On the Cutting Edge - Professional Development for Geoscience Faculty
Teaching Climate Change: Lessons from the Past
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Cutting Edge > Climate Change > Ideas for Teaching about Ice Cores > Bipolar Climate Puzzle

This is a partially developed activity description. It is included in the collection because it contains ideas useful for teaching even though it is incomplete.

Bipolar Climate Puzzler

This activity was developed during the Teaching Climate Change Using Ice Core Data workshop, held in June 2008.
Contributors: Alan Ashworth, Lisa Doner, Kathy Licht, Warren Tomkiewicz

Topic: Climate oscillations in the Northern and Southern Hemispheres

This activity designed for a capstone activity for an upper-level course.

Description of the activity:

  1. Develop graphs of data from the GISP and Vostok core data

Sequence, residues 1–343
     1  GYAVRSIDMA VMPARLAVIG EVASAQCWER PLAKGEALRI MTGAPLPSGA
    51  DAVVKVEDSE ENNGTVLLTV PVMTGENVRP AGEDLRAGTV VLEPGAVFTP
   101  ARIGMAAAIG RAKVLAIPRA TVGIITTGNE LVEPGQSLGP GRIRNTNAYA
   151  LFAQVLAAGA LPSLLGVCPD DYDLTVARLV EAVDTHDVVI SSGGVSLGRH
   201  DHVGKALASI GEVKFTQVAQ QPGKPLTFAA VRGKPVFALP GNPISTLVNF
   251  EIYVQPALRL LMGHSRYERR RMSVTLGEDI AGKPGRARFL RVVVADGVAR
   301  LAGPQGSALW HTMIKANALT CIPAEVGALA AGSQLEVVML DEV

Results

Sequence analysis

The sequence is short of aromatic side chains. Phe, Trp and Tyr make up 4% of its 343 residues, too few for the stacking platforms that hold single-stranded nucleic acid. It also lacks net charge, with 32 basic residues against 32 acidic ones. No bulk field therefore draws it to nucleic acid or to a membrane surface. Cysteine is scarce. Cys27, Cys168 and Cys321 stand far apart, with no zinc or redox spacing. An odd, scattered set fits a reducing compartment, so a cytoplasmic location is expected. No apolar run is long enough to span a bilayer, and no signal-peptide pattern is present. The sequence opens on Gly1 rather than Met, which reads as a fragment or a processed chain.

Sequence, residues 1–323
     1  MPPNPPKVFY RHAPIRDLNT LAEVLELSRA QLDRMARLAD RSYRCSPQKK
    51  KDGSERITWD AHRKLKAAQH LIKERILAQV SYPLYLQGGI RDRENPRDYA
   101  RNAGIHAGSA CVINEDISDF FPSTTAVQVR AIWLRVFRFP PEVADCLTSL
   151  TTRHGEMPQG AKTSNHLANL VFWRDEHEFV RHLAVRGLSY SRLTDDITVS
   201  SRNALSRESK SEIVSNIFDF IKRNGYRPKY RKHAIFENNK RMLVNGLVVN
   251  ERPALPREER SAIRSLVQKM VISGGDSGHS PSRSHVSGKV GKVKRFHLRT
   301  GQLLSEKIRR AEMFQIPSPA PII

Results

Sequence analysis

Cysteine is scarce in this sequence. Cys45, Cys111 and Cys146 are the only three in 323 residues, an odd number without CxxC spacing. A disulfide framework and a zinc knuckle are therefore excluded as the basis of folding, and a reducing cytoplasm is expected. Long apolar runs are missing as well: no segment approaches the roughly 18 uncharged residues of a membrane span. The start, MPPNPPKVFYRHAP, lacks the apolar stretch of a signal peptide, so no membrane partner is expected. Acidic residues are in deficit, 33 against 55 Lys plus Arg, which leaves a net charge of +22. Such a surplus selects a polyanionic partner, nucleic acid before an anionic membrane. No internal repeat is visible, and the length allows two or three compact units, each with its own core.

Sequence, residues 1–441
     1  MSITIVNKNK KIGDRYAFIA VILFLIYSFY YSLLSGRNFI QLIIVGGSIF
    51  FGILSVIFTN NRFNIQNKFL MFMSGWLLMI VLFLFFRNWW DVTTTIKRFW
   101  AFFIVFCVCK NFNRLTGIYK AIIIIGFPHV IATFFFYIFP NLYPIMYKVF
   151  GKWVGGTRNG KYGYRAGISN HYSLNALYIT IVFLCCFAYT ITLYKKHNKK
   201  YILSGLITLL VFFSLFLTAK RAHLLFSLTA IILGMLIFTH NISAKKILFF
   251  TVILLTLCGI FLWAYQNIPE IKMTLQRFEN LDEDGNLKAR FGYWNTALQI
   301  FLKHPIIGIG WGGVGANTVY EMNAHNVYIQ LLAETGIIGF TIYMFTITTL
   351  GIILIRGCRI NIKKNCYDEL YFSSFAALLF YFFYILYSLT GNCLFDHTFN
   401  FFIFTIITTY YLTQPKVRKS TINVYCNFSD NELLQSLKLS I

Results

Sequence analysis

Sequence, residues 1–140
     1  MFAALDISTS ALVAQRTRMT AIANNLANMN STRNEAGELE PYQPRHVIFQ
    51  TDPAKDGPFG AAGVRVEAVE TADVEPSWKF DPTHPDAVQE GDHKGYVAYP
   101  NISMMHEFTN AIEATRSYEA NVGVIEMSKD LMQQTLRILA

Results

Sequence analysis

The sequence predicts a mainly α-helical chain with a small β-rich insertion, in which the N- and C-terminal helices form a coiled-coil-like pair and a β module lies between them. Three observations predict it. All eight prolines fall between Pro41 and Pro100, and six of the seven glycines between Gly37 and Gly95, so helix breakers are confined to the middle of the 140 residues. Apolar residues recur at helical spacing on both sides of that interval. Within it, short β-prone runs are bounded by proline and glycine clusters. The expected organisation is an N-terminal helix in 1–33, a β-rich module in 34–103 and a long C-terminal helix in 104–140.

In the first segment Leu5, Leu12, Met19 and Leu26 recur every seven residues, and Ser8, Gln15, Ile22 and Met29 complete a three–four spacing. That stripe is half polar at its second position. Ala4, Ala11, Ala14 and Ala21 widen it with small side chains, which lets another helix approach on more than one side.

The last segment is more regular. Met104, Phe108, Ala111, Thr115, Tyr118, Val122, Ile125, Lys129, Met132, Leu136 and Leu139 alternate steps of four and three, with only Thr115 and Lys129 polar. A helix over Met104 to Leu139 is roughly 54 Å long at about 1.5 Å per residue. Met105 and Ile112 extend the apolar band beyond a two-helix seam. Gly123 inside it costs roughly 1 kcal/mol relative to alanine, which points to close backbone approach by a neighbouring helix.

2. Compare long-term scale (multiple glacial cycles) and short-term scale (9,000 - 15,000 year time period) data from Greenland vs Antarctica
  3. Observation and interpretation of data
  4. Answer the observational questions:
    • What do they notice
    • What does it mean?
    • What is the scale of this behavior? Frequency of change?
    • What could cause this?
  5. Discuss the relationship between data sets
  6. Generate multiple hypotheses for cause of observed relationships

Provide research papers or chapters in a book to access background information: Thermohaline circulation; Milankovic cycles

What are the learning goals or outcomes of the activity?

Student will be able to:

How would you assess whether the goals have been met?

References or other resources that would be useful for this activity:

NOAA Paleoclimatology Databases (more info)
NOAA Paleo-Perspectives on Climate Timeline
Timing of Millennial-Scale Climate Change in Antarctica and Greenland During the Last Glacial Period, by Thomas Blunier and Edward J. Brook, Science, January 5 2001: Vol. 291. no. 5501, pp. 109 - 112. (abstract)

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